Memory Care Center Gets Egg Citing Addition | Community orientation

There’s something happening at Hawthorn Court in the Ahwatukee Memory Care Community: 13 newborn chickens have come to live in the courtyard of the property in a circular, shaded 17-foot-diameter pen with a chicken coop.

A trio of Pekin ducks named Donald, Daphne and Betty White also joined the flock.

But it was not a far-fetched idea.

Executive Director Kim Zamora

envisioned it as a way to involve residents in more than just playing bingo and doing crafts.

They help feed and water the birds and when the hens lay eggs they collect them from the coop to donate to a local shelter.

“I’ve been to so many communities where residents are confined indoors, and I had to do something to encourage them to come out to enjoy the good weather, the sun, the fresh air,” Zamora said.

“It’s the concept of taking residents outside, participating in pet therapy, then collecting the eggs and giving back to the community. So it’s a great loop activity for us.

The chickens have become such an attraction that staff have to take turns taking the quarantine residents to watch over them.

“All the residents want to do is go out and see the chicks,” Zamora said. “When you say ‘chickens’, everyone is outside. It really changed the atmosphere of the community.

The combination of ISA Brown chickens and Australorp chickens arrived at Hawthorn Court in Ahwatukee on March 4 when they were 2 days old. Zamora got them from Tractor Supply and was told that up to 30% might not survive, but she only lost one. They all have to be hens, by Phoenix city code; if some end up being roosters, they will be relocated.

Zamora obtained permission from Frontier Management, which has 130 facilities in 19 states, to build the cooperative. Peter Goetz, sales and marketing manager for Hawthorn Court in Ahwatukee, said: “If it works well, maybe it can be rolled out to other communities.”

The center held an open house to celebrate the co-op on April 28, but Zamora said anyone could visit during regular office hours. “I think we’re all proud of what we’ve done,” she said. “We would like to show it to the larger Ahwatukee community.”

They also recently started accepting volunteers again after a hiatus due to the pandemic and already have two high school students volunteering to clean the chicken coop and pass the chickens to residents.

Funding for the chicken coop came from a “generous donation,” as Zamora said, from the family of former resident David Neal.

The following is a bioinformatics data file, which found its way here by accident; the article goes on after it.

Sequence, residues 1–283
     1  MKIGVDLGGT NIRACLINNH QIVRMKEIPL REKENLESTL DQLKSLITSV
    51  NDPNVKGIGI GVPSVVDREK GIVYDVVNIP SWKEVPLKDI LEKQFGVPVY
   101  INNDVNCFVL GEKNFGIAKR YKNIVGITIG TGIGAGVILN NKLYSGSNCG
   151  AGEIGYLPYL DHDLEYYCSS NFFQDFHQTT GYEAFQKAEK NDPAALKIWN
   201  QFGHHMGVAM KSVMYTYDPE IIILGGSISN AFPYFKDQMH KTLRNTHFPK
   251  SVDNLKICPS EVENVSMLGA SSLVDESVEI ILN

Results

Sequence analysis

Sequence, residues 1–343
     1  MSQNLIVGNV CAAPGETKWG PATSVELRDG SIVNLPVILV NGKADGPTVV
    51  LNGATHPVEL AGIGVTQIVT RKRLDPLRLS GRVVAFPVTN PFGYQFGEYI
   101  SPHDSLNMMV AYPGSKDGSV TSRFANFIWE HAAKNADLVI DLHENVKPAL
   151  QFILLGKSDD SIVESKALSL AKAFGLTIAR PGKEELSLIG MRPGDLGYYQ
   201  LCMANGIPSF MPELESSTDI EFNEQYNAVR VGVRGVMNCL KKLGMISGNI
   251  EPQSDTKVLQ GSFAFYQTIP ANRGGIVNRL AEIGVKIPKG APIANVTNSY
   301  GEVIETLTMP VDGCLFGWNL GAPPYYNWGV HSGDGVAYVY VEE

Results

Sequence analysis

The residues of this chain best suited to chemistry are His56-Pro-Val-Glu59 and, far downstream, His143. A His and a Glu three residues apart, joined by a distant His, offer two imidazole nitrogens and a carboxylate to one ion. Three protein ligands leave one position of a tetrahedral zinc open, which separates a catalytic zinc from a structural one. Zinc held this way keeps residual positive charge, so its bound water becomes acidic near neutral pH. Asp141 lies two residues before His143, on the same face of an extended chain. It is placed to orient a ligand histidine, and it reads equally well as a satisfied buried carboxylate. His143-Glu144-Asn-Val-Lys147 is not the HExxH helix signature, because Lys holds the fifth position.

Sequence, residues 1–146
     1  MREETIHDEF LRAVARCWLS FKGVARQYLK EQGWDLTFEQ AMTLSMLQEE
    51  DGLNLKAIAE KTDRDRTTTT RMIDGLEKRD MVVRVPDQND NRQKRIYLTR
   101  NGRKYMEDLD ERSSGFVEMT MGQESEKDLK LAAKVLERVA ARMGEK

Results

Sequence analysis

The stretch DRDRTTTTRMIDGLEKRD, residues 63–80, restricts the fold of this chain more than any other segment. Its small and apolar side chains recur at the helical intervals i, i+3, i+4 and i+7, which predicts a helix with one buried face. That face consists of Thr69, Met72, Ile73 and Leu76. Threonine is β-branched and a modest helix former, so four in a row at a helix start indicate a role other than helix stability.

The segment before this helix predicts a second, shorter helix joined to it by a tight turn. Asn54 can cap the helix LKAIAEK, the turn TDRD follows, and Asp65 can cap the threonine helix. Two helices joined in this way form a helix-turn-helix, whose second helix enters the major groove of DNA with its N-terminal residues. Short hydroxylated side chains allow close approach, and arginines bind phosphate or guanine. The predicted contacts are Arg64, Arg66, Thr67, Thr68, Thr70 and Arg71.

After giving staff bonuses, she asked the family if they could build the co-op in Neal’s memory and “they thought it was a wonderful idea,” she remarked. “I wanted to do something in his memory that wouldn’t be short lived. And this cooperative will be with us for a long time.

Hawthorn Court at the Ahwatukee Chicken Coop recalls an article on the Reasons to Be Cheerful website titled “In Holland People with Dementia Can Work on a Farm.”

Today, there are 1,350 “care farms” in the Netherlands, including around 400 for people with dementia. He discusses the benefits of involving people in day-to-day decisions and giving them a way to participate in society.

The chicken coop helps residents feel valued because they’re participating in something with a purpose, Goetz explained. “We all need a goal,” he said. “It’s a way for residents to have that goal.”

Zamora and Goetz mentioned that many residents cared for chickens in their youth and that triggers fond memories.

“I often hear, ‘We had chickens when we were growing up,'” said Zamora, a self-proclaimed “Chicago city girl” with no farming background who moved to Arizona a year ago. “The residents educated me on the whole chicken process,” she added. “They have a lot of experience.”

Chickens also help alleviate behaviors associated with dementia, such as confusion, frustration, and restlessness.

Instead of healing a person, Zamora said, “It’s easy to take a person’s hand and watch the chickens and laugh at the ducks going underwater.”

The birds have also been a boon to family members who visit the center, Zamora said. COVID-19 limits where they can go, but they are free to socialize in the co-op. Plus, she noted, sharing time watching chickens and ducks makes visits more meaningful.

“With memory care, conversations can get very difficult and families can come away disappointed. [because] there was little conversation or interaction,” Zamora said. “Going to the chicken coop gives them something to do together.”

Check out the chicks

Where: Hawthorn Court in Ahwatukee, 13822 S. 46th Place, Ahwatukee.

When: The public can visit from 9 a.m. to 5 p.m. Monday to Friday; volunteers welcome

Info: 480-598-1224;